the famous xbx game
Well, it was inevitable, right? I got an XBX, I would try Halo. I waited five whole days, and then I rented it.
I put the disc in and watched the splash graphics and stuff scroll by, and I thought, “Maybe this will be good.” Then, while loading the first level, I got a disc read error followed by a generic “XBOX: PLEASE WAIT” screen, followed by the XBX system menu. Uh.
Well, it didn’t crash. The disc was just a little smeggy, and once it was cleaned, things went swimmingly. I was surprised by the overall quality of the game, really. I expected Yet Another FPS. I’ve never been big on them, with a few notable exceptions (007, Perfect Dark, and TimeSplitters 2 spring to mind). Well, despite the fact that it thrust me into the normally alien-to-me dual analog control scheme, Halo felt good. It started me off slowly, so I could figure out the controls as I went. Occasionally it broke into the action to tell me about some new whiz-bang feature, but mostly it just let me mess around as I found my way out.
Some notes on my first run-through of the first level:
The lighting is great; I really like the (weapon-mounted) flashlight, and the way that it swings the lighting around when you re-load.
The restriction to carrying two weapons at once was nice. I’m sick of games where I run around carrying nineteen weapons and switching between them instantly. The weapons were all interesting, too.
Having other soldiers around shouting relevant things and assuming tactical positions was great. It made the game feel much more tactical than it was, and I don’t mind being fooled.
The control scheme is, in general, pretty darn good.
By the end of the first level, I was thinking, “Hey. This is good. When people tell me it’s good from now on, I can’t scoff anymore.”
Then I got to the second level. I got to do some fighting in a wide-open area, which was cool. There was more ducking and hiding and almost some sniping. (It’s hard to call it sniping when it’s with an assault rifle.) I defended a really big cool-looking structure and watched a bunch of my buddies get mowed down. It was big fun.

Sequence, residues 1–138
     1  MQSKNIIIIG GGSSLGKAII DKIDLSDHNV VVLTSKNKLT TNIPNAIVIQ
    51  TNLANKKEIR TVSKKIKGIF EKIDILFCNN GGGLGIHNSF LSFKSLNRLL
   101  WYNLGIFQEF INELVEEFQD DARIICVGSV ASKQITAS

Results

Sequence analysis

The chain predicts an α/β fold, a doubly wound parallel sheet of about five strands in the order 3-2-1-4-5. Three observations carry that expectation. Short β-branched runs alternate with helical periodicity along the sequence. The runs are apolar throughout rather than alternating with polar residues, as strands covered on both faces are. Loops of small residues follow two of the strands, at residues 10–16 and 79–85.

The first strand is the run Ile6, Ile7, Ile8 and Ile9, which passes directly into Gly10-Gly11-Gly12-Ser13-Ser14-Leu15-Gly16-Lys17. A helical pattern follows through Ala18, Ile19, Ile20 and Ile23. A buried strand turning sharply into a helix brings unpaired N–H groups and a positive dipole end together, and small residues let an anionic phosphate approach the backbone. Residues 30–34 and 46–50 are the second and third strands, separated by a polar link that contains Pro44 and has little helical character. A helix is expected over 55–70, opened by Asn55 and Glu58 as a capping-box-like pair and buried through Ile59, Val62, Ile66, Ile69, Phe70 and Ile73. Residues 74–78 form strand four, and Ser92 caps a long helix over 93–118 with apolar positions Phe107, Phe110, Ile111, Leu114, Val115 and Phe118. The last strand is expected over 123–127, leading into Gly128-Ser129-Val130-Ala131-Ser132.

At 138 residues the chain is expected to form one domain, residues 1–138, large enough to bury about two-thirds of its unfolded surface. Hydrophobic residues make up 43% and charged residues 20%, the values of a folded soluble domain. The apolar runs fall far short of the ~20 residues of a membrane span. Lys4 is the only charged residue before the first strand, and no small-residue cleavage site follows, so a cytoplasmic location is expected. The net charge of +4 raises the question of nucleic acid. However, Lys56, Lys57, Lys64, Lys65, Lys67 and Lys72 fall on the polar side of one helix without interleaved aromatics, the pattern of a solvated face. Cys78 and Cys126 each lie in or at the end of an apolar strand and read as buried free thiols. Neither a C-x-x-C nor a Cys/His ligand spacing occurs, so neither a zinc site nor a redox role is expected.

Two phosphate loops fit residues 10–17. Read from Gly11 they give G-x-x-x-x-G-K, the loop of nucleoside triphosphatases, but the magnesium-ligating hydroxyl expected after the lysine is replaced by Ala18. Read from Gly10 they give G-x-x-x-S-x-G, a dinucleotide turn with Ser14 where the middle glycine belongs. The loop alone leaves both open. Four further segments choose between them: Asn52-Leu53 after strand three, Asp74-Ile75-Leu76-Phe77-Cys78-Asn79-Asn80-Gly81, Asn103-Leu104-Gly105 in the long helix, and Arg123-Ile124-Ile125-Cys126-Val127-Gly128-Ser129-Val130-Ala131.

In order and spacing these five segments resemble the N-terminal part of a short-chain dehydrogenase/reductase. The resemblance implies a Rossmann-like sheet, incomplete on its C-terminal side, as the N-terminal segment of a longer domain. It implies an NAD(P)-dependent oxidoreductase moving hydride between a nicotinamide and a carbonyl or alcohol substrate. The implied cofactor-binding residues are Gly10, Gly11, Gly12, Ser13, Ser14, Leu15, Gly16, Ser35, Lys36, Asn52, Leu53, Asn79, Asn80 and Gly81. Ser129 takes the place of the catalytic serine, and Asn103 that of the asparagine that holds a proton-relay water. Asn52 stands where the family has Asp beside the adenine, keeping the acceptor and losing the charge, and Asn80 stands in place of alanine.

Then a ship dropped a jeep for me, and I thought, “Hey, here’s the cool vehicle thing phun was talking about.” That’s when the suck started.
I’m pretty sure that, even given a few months and a lot of burritoes and Mountain Dew, I could not come up with a more annoying control scheme for the vehicles. Very roughly, it works like this: the right analog stick moves the camera left and right. The left analog stick accelerates and decelerates. The vehicle always drives forward, where forward is defined by the camera. In other words, to make a left turn while driving forward, you must hold the left analog stick forward and move the camera to the right until the camera points in the direction you want to go. Your vehicle will reach that bearing eventually.
It is unbelievably awful. After fifteen minutes of struggling with it, I gave up. Later, I will try to determine whether there is a way to change the control scheme. If not, this may be the best game I ever dismiss with a SUCK.